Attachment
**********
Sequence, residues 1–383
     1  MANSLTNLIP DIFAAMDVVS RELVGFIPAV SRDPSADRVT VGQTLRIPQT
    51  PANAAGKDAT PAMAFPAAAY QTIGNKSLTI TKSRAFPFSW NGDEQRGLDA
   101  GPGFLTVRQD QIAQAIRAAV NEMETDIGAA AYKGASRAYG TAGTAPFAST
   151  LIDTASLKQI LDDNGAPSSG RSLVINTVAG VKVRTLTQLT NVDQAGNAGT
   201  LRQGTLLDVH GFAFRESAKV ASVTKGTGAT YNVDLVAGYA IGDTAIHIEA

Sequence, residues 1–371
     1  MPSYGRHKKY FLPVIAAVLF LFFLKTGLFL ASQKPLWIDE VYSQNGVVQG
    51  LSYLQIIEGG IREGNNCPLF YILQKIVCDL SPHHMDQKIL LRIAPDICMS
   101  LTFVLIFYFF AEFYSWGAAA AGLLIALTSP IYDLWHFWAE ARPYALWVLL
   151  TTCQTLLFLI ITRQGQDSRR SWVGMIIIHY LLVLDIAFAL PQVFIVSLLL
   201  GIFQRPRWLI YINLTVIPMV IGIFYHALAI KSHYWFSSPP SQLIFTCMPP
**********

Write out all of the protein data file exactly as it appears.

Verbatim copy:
Sequence, residues 1–383
     1  MANSLTNLIP DIFAAMDVVS RELVGFIPAV SRDPSADRVT VGQTLRIPQT
    51  PANAAGKDAT PAMAFPAAAY QTIGNKSLTI TKSRAFPFSW NGDEQRGLDA
   101  GPGFLTVRQD QIAQAIRAAV NEMETDIGAA AYKGASRAYG TAGTAPFAST
   151  LIDTASLKQI LDDNGAPSSG RSLVINTVAG VKVRTLTQLT NVDQAGNAGT
   201  LRQGTLLDVH GFAFRESAKV ASVTKGTGAT YNVDLVAGYA IGDTAIHIEA

Sequence, residues 1–371
     1  MPSYGRHKKY FLPVIAAVLF LFFLKTGLFL ASQKPLWIDE VYSQNGVVQG
    51  LSYLQIIEGG IREGNNCPLF YILQKIVCDL SPHHMDQKIL LRIAPDICMS
   101  LTFVLIFYFF AEFYSWGAAA AGLLIALTSP IYDLWHFWAE ARPYALWVLL
   151  TTCQTLLFLI ITRQGQDSRR SWVGMIIIHY LLVLDIAFAL PQVFIVSLLL
   201  GIFQRPRWLI YINLTVIPMV IGIFYHALAI KSHYWFSSPP SQLIFTCMPP